Billionaire's Childhood Love

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LIV. How Unfair

Joshua’s POV:

“I don’t think you have the right to tell me who I can and can’t like.” I walk towards her until my body hovers over hers. I crouched down, and my face hangs above her sudden red one. “Don’t you ever-” the tone in my voice drops, ”ever call the girl I love stupid again.”

She scoffs, “Or else what?” Jasmine isn’t the type of girl who is afraid of a threat. Instead, she closed the distance between us. “You’re going to hurt me?” I can tell this situation amuses her.

“From what I know, the Rose’s family has quite the uprising this year.” The smile faded from her face. “Don’t want that to be ruined, do you?”

“Threatening me, Greyson?”

“You’re a friend. I would never." I smile, “But, do watch your words next time.” I mess up her wet hair and walk away.

And now I’m pissed.

Everyone was passed out inside the room. It didn’t matter where they were lying. They were off to dreamland.

A quick shower and change of clothes didn’t de-escalate the emotions.

Sometimes, I wish I could be more like my dad. When someone pisses you off, simply push them off a cliff. It’s translated to bankrupt their company.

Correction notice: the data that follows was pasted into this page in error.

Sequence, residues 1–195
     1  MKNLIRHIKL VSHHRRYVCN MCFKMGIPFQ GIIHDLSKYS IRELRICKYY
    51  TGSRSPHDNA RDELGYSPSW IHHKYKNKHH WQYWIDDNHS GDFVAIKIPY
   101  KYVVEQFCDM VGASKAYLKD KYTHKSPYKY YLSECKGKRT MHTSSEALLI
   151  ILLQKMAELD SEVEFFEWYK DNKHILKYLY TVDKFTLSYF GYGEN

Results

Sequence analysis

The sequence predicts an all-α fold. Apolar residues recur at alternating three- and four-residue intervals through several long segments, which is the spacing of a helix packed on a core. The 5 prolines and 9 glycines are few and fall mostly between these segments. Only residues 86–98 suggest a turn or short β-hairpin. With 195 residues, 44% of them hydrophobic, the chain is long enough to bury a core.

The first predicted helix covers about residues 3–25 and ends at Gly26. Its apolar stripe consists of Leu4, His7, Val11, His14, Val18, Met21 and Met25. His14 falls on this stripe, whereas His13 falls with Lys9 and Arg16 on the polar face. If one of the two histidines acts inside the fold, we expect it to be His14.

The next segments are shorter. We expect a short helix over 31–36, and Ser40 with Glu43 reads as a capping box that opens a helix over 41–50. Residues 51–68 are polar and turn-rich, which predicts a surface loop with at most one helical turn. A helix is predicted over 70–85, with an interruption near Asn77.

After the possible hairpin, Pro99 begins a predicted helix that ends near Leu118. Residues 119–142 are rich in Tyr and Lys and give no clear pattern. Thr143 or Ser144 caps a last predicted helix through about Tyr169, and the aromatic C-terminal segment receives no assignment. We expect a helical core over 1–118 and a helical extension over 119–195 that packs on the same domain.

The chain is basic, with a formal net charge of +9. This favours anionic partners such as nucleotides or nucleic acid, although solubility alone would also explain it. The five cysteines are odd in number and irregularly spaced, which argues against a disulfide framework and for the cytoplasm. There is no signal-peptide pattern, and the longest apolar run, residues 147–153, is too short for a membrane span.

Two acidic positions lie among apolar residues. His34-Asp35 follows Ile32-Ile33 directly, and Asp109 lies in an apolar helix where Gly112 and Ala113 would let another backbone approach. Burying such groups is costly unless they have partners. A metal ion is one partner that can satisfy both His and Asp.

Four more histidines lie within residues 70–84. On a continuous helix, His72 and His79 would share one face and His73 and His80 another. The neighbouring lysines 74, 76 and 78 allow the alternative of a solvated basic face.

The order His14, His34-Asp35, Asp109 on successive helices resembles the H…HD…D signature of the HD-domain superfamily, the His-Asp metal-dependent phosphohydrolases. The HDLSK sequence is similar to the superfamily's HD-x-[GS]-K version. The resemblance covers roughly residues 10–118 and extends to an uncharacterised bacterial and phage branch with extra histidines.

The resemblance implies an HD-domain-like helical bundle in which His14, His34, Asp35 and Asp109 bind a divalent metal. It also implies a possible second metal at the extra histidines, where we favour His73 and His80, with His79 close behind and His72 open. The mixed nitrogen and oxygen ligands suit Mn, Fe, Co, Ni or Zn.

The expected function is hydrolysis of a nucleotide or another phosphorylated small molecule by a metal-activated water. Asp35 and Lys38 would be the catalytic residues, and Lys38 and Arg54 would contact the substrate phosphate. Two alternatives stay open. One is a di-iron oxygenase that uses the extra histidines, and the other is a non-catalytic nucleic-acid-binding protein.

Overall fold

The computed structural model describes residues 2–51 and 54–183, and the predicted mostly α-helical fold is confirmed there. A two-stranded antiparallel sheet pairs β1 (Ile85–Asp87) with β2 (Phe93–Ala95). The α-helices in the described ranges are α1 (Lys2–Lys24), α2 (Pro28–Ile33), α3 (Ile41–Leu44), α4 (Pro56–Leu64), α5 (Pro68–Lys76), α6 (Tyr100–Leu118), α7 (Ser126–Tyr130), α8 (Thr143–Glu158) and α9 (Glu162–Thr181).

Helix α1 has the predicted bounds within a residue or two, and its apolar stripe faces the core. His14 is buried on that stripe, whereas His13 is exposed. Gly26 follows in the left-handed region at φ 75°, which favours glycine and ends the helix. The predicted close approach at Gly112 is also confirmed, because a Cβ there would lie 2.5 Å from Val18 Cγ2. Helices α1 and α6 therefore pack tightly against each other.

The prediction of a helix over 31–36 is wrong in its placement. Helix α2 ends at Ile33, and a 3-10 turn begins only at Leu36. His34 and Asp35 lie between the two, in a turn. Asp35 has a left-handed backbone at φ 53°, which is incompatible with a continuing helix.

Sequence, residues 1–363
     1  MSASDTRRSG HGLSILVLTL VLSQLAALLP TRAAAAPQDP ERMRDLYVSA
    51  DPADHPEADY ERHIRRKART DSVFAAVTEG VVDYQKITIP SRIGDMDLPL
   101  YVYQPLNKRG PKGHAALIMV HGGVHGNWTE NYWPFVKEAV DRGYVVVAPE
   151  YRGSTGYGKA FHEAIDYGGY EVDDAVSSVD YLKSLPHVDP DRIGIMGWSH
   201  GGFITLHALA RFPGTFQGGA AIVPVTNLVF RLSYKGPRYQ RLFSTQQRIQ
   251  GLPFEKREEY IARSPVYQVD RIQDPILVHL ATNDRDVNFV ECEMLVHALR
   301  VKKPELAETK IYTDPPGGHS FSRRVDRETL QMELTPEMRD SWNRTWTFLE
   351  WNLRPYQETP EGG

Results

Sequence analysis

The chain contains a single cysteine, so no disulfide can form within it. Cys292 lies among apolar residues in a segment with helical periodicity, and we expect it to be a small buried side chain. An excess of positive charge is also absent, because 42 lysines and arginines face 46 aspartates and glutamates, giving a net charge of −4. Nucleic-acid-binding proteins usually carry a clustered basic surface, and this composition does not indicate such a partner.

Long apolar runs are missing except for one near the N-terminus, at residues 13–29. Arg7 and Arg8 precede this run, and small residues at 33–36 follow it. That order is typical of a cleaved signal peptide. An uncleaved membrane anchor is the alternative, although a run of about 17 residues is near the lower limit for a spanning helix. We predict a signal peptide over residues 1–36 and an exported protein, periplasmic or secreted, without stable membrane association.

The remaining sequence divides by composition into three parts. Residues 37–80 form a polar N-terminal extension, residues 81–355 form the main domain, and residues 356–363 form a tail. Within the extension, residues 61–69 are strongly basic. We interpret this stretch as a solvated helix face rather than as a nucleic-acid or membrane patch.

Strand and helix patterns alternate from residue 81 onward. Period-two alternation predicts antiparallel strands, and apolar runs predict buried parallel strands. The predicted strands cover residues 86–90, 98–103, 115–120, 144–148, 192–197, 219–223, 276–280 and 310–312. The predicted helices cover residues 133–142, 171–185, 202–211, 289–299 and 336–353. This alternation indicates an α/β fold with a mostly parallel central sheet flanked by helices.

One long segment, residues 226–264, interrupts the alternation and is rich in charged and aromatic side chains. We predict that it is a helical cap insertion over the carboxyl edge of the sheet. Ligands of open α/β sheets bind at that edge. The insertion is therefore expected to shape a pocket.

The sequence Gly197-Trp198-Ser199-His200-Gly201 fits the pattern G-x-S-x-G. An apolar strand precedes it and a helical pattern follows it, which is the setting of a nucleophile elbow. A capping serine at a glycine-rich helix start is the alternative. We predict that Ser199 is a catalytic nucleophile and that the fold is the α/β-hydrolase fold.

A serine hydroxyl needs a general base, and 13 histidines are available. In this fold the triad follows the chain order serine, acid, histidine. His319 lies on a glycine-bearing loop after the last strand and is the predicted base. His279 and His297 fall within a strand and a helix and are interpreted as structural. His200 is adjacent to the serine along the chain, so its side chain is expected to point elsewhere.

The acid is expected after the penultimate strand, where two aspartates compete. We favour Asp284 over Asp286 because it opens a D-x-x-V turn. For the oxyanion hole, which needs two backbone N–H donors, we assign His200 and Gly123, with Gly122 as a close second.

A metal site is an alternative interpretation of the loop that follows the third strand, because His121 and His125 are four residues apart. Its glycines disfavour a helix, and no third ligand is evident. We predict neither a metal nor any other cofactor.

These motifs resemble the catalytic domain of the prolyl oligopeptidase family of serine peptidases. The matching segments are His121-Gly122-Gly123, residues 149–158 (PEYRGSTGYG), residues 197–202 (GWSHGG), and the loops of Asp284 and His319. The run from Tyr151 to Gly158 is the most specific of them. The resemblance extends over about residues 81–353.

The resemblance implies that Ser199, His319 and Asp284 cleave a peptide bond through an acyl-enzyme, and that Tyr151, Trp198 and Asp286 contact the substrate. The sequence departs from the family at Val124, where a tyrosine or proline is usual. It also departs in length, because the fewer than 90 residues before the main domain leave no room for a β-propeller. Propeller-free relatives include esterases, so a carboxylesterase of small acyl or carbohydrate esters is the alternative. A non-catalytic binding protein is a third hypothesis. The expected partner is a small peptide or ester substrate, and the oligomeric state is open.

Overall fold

That’s my dad.

Once, someone made mom cry at a party in front of everyone, before my parents got married, and dad ruined their family. Everything was gone in a blink of an eye. Wealth. Status. Power. Reputation.



Problem solved.

No one else messes with you.

That seems appealing right now.

But, I was raised to be better than that.

Mom would always remind me of that. She knows dad isn’t exactly a straight path kind of man. Good husband. Good father. Horrible role model.

Mom is probably afraid I’ll be like dad when I grow up because I look like him the most. Apparently, I’m a reflection of dad’s younger days.

How unfair.

I don’t choose how I look.

I threw on my coat and made my way out of the room and towards the fireplace. There’s barely anyone in the lobby. It’s nice. Quiet.

I close my eyes and snuggle deeper into the single couch.

“Why are you here?”

I want to ask the same question.

I look up to see Crystal. “I thought you passed out.” I want to close my eyes badly.

She sat on the empty chair beside me. “Quick sober.”